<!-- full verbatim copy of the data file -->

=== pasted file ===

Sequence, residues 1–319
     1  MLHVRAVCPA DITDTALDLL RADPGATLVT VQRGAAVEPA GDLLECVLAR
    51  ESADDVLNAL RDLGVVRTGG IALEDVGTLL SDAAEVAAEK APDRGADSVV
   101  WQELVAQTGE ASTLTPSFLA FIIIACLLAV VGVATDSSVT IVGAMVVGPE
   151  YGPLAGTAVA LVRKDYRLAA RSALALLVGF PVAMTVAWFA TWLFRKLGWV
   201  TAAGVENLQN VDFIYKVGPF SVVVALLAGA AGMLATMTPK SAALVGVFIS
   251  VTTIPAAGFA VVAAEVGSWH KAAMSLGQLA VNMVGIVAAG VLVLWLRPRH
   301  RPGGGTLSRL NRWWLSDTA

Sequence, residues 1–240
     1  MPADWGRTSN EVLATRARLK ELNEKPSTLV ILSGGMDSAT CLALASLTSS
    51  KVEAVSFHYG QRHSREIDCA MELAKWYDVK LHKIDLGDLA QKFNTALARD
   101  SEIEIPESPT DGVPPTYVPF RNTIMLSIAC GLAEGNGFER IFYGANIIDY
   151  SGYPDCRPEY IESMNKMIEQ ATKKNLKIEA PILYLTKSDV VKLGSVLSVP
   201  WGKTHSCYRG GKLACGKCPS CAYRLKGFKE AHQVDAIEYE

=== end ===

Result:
Sequence, residues 1–319
     1  MLHVRAVCPA DITDTALDLL RADPGATLVT VQRGAAVEPA GDLLECVLAR
    51  ESADDVLNAL RDLGVVRTGG IALEDVGTLL SDAAEVAAEK APDRGADSVV
   101  WQELVAQTGE ASTLTPSFLA FIIIACLLAV VGVATDSSVT IVGAMVVGPE
   151  YGPLAGTAVA LVRKDYRLAA RSALALLVGF PVAMTVAWFA TWLFRKLGWV
   201  TAAGVENLQN VDFIYKVGPF SVVVALLAGA AGMLATMTPK SAALVGVFIS
   251  VTTIPAAGFA VVAAEVGSWH KAAMSLGQLA VNMVGIVAAG VLVLWLRPRH
   301  RPGGGTLSRL NRWWLSDTA

Sequence, residues 1–240
     1  MPADWGRTSN EVLATRARLK ELNEKPSTLV ILSGGMDSAT CLALASLTSS
    51  KVEAVSFHYG QRHSREIDCA MELAKWYDVK LHKIDLGDLA QKFNTALARD
   101  SEIEIPESPT DGVPPTYVPF RNTIMLSIAC GLAEGNGFER IFYGANIIDY
   151  SGYPDCRPEY IESMNKMIEQ ATKKNLKIEA PILYLTKSDV VKLGSVLSVP
   201  WGKTHSCYRG GKLACGKCPS CAYRLKGFKE AHQVDAIEYE